The world economy enters 2009 with more uncertainty (and anxiety) than at any time in recent memory. Although the financial crisis appears to be contained in the United States and Europe, its full repercussions will not be clear for some time. The advanced countries are in for the worst economic downturn since the Great Depression. But how long and deep will this recession be, and how badly will it affect emerging and developing nations?
We don’t have the answers to these questions, in part because the consequences will depend on what actions policymakers take. The right responses will ensure that the world economy can begin to recover by late 2009. Poor policy choices, on the other hand, will at best delay recovery and at worst do permanent damage. Here is a list of things to watch for.
Will the US response be “bold” enough? Barack Obama has promised that it will be, echoing at least part of Franklin D. Roosevelt’s famous call for “bold, persistent experimentation” at the height of the Great Depression in 1932. Obama has a first-rate group of economists on his side, which ensures that he will not do anything silly. But America’s circumstances are sufficiently exceptional that he will need advisers who are willing to try new, untested ideas – in other words, experimentation à la FDR.
In particular, he will need to go beyond Keynesian fiscal-stimulus policies to heal the deep wounds to economic confidence that lie at the root of the current crisis. So far, confidence-building measures have been limited to financial markets, through public guarantees, liquidity support, and capital injections.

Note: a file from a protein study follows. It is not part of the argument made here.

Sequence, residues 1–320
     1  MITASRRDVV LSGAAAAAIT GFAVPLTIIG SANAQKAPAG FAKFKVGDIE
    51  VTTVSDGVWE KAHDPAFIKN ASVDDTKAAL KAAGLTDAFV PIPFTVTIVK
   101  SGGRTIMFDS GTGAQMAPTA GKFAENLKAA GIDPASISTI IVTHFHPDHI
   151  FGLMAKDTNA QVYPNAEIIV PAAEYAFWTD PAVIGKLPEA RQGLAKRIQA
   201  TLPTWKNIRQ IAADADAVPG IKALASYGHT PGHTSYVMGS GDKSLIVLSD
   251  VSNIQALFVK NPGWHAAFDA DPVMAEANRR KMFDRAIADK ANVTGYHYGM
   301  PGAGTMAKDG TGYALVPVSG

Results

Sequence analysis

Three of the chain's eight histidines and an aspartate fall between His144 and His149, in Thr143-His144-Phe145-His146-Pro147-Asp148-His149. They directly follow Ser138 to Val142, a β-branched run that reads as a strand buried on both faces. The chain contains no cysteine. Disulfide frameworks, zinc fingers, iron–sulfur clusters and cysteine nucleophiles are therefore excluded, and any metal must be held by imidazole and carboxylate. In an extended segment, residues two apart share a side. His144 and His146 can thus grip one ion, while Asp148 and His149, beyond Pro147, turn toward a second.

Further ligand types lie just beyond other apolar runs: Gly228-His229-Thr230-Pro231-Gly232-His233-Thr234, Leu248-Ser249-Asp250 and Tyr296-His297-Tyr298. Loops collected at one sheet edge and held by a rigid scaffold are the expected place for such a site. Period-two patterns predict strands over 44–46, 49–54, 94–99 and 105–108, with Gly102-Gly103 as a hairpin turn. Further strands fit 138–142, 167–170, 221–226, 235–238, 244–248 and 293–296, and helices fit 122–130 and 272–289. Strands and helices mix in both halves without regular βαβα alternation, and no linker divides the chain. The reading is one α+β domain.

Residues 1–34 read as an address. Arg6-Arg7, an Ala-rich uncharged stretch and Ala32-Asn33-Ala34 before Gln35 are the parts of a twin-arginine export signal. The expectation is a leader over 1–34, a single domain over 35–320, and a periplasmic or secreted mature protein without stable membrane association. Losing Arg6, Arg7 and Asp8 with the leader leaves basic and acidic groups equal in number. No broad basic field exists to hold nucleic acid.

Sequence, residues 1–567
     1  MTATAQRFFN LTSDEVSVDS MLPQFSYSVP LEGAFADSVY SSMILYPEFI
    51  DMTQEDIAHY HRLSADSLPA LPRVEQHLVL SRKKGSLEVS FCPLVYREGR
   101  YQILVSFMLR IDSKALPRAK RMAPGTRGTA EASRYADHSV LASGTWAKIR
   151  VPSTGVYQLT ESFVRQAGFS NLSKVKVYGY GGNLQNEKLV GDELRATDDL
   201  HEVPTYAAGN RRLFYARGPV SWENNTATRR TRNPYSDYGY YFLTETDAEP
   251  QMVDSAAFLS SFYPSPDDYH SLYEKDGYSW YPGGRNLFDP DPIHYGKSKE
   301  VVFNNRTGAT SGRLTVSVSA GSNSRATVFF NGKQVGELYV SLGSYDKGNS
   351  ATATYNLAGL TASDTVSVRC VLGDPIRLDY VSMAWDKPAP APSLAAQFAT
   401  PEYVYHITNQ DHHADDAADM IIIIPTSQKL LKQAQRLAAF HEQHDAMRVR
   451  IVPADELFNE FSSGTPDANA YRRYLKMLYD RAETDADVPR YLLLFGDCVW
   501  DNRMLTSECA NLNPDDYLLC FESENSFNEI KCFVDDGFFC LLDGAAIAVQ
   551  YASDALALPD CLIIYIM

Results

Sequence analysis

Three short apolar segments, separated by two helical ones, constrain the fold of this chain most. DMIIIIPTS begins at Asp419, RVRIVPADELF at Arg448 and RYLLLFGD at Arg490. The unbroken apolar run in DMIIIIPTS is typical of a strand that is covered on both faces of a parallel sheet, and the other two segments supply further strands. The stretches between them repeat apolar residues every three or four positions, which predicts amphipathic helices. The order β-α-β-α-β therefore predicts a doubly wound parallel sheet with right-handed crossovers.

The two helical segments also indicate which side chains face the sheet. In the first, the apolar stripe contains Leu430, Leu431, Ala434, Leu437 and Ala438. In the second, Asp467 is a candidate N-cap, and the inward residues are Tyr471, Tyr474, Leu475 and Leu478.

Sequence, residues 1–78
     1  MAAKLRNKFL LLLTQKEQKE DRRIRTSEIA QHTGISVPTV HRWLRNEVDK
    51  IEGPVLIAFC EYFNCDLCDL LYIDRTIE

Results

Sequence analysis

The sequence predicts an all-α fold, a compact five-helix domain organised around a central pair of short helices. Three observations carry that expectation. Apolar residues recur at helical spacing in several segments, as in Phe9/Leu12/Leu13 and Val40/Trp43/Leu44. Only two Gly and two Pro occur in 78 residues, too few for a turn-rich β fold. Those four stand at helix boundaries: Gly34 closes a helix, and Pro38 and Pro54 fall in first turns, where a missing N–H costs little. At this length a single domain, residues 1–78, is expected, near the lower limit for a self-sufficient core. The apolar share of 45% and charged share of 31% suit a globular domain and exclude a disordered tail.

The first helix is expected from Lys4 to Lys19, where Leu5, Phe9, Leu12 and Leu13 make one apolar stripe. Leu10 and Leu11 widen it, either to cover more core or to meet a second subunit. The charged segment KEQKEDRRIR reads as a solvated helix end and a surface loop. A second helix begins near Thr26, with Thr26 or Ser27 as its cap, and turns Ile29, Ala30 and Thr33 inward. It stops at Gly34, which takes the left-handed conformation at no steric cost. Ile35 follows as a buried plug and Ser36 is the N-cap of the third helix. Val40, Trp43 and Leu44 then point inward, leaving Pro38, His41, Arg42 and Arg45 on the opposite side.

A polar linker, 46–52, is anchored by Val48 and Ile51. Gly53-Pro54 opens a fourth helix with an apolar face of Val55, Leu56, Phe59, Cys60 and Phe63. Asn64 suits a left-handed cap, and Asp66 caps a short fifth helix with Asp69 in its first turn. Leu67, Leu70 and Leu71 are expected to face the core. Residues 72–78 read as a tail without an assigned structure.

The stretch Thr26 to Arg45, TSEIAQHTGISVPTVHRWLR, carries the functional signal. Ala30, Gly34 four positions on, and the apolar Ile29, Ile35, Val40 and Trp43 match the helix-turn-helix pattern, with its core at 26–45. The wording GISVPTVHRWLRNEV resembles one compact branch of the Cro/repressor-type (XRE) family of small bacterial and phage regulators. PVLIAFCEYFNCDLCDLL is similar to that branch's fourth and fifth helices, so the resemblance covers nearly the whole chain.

But workers who worry about being laid off are unlikely to go spend, regardless of how much money fiscal stimulus puts in their pockets. Just as banks are hoarding cash, households will try to preserve wealth by increasing their saving. So incentives targeted directly at preserving employment will have to be part of the solution.
Will Europe get its act together? This could have been Europe’s moment. After all, the crisis originated in the US and left American policy focused on its domestic troubles, opening up room for global leadership by others. Instead, the crisis demonstrated the deep divisions within Europe – on everything from financial regulation to the requisite policy response.
Germany has dragged its feet on fiscal stimulus, stymieing what should have been the second leg of a globally coordinated fiscal action plan. If Europe wants to pull its weight on the global stage, it will have to act with greater unity of purpose and shoulder a greater share of responsibility. Alas, the best that can be hoped for at this stage is that Europe will not undermine the global fiscal stimulus that even the International Monetary Fund, the guardian of fiscal orthodoxy, regards as absolutely essential.
Will China hold together? Even though a weak US response is the biggest risk on the economic side, what happens in China may well have deeper and more lasting consequences on the broader historical canvas. For China is a country of enormous hidden tensions and cleavages, and these may erupt into open conflict in difficult economic times.